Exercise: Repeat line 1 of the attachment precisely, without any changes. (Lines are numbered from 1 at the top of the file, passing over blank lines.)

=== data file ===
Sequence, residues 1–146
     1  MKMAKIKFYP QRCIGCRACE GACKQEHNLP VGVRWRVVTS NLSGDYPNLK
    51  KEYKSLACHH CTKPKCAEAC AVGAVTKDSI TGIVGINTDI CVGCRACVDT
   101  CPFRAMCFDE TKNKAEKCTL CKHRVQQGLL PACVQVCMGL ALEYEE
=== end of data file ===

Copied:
Sequence, residues 1–146